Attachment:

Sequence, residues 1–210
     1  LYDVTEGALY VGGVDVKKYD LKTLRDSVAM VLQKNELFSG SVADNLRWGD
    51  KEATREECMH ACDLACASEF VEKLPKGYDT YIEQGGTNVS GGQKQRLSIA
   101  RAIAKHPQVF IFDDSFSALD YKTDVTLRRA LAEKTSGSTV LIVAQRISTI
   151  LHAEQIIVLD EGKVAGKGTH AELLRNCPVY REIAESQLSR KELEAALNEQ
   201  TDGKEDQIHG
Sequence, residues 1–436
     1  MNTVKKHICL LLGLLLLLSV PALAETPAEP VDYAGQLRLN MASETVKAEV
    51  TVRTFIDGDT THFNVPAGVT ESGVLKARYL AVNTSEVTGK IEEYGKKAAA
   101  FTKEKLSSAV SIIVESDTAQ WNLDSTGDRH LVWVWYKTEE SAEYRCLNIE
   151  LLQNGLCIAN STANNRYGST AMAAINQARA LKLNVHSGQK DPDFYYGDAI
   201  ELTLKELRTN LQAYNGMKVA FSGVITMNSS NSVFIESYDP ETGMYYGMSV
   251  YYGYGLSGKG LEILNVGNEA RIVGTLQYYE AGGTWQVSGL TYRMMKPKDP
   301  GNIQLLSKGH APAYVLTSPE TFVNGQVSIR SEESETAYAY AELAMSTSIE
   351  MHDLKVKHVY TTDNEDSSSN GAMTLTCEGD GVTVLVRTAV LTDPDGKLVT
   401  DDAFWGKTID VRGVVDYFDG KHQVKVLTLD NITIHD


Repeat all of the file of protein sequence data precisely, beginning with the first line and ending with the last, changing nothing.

Sequence, residues 1–210
     1  LYDVTEGALY VGGVDVKKYD LKTLRDSVAM VLQKNELFSG SVADNLRWGD
    51  KEATREECMH ACDLACASEF VEKLPKGYDT YIEQGGTNVS GGQKQRLSIA
   101  RAIAKHPQVF IFDDSFSALD YKTDVTLRRA LAEKTSGSTV LIVAQRISTI
   151  LHAEQIIVLD EGKVAGKGTH AELLRNCPVY REIAESQLSR KELEAALNEQ
   201  TDGKEDQIHG
Sequence, residues 1–436
     1  MNTVKKHICL LLGLLLLLSV PALAETPAEP VDYAGQLRLN MASETVKAEV
    51  TVRTFIDGDT THFNVPAGVT ESGVLKARYL AVNTSEVTGK IEEYGKKAAA
   101  FTKEKLSSAV SIIVESDTAQ WNLDSTGDRH LVWVWYKTEE SAEYRCLNIE
   151  LLQNGLCIAN STANNRYGST AMAAINQARA LKLNVHSGQK DPDFYYGDAI
   201  ELTLKELRTN LQAYNGMKVA FSGVITMNSS NSVFIESYDP ETGMYYGMSV
   251  YYGYGLSGKG LEILNVGNEA RIVGTLQYYE AGGTWQVSGL TYRMMKPKDP
   301  GNIQLLSKGH APAYVLTSPE TFVNGQVSIR SEESETAYAY AELAMSTSIE
   351  MHDLKVKHVY TTDNEDSSSN GAMTLTCEGD GVTVLVRTAV LTDPDGKLVT
   401  DDAFWGKTID VRGVVDYFDG KHQVKVLTLD NITIHD